Gliomatosis cerebri is a rare and severe central nervous system neoplasm. It is usually fatal due to its ability to infiltrate cerebral tissues, compromising the efficacy of treatment.1 Gliomatosis cerebri is defined as a diffuse neoplasm of the glial cells, involving more than two lobes and occasionally infiltrating infratentorial structures and the spinal cord.2

A review of the literature review revealed fewer than 100 reports of this tumor in children. This paper describes a case of gliomatosis cerebri affecting a girl presenting symptoms of obstructive hydrocephalus at 3 years of age, and who later developed several other symptoms. Six years after surgery, chemotherapy and radiotherapy, the outcome is still positive.


Case report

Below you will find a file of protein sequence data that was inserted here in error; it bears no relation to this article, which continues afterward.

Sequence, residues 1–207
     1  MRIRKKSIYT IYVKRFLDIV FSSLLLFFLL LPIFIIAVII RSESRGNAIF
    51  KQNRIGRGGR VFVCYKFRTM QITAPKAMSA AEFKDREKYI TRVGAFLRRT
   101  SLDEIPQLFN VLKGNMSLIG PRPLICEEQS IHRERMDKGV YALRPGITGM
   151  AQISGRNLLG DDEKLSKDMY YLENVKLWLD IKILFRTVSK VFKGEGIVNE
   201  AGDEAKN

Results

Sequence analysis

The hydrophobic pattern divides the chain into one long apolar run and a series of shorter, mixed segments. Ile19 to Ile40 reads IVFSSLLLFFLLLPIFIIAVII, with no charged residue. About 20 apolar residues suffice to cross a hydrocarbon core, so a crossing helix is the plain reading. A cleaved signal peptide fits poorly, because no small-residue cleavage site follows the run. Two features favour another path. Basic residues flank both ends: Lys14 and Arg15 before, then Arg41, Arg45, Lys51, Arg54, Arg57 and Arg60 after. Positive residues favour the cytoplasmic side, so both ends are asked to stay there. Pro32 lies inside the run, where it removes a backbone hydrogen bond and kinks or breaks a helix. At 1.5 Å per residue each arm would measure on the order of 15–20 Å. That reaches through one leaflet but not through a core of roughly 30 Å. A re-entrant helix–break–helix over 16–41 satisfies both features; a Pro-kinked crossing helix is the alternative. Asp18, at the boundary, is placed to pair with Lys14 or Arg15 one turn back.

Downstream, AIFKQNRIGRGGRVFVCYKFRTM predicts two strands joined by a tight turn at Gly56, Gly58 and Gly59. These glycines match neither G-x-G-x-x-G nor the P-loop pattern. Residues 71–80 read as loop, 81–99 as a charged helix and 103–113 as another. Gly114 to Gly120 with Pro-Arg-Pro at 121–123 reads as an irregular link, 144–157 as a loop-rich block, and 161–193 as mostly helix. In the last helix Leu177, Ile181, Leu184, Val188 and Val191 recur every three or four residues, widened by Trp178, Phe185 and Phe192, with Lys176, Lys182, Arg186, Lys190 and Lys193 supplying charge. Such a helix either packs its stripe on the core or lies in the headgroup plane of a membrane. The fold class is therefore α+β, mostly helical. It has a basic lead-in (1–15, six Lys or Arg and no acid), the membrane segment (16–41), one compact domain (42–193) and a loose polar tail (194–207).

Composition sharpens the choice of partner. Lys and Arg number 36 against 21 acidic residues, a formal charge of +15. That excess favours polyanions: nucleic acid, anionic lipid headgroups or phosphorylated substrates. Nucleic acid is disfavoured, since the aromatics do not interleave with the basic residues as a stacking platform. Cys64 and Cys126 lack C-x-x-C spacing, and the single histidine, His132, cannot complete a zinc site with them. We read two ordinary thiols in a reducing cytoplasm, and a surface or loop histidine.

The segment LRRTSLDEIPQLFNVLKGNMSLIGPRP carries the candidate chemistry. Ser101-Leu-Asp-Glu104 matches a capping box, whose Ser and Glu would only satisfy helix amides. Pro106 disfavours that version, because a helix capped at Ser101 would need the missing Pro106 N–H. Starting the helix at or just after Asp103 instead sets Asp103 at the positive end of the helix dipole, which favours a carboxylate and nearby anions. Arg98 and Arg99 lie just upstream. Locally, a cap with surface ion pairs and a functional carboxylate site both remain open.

A girl without family history of neurologic or oncologic disorders, presented strabismus at 3 years of age, followed by symptoms of progressive intracranial hypertension, such as headaches, vomiting and seizures. Computed tomography and magnetic resonance imaging revealed obstructive hydrocephalus and probable thickening of the interpeduncular cistern. The patient then underwent neuroendoscopic third ventriculostomy, which confirmed the thickening and identified lesions in supernatant fractions of the ventricular fluid. These injuries were biopsied. The anatomical and pathological study demonstrated similarities with the encephalic fluid. Eight days after the surgery, due to new symptoms of intracranial hypertension, a ventricular-peritoneal shunt was performed. Examination of the ventricular fluid did not show any changes. The child recovered well. , with adequate psychomotor development for her age and improvement in strabismus.